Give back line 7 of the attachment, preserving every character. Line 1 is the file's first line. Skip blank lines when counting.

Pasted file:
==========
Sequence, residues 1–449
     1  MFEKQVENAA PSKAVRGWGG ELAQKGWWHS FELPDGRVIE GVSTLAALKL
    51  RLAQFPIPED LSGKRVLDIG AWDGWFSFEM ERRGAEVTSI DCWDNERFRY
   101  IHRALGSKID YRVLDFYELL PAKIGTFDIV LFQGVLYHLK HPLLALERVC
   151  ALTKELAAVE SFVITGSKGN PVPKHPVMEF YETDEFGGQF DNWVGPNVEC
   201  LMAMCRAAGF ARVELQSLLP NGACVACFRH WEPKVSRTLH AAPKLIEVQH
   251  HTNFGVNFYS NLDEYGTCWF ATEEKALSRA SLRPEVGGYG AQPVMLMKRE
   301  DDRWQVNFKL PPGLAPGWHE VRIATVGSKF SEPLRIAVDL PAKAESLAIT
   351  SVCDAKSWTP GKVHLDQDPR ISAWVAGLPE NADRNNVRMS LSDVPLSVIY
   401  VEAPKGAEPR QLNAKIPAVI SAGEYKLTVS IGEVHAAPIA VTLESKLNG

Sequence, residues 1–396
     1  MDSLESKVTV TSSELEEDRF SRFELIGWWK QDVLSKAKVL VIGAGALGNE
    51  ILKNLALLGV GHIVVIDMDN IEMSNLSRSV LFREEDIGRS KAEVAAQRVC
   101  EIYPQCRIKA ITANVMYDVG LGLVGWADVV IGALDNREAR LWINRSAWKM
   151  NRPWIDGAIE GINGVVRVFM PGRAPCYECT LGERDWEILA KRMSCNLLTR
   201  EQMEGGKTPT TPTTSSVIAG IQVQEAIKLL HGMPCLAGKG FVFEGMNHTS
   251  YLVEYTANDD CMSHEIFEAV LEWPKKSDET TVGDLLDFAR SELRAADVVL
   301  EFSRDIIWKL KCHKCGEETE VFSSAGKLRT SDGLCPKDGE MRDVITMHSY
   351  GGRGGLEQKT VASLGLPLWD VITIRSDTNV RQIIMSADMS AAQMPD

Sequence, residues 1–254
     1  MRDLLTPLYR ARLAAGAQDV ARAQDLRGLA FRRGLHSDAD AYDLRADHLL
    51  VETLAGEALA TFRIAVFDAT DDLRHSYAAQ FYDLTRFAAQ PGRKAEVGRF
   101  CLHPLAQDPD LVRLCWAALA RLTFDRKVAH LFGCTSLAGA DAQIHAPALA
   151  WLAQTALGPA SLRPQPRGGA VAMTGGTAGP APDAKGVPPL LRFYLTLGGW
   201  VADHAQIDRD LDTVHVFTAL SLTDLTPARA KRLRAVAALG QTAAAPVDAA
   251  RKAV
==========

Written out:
   251  HTNFGVNFYS NLDEYGTCWF ATEEKALSRA SLRPEVGGYG AQPVMLMKRE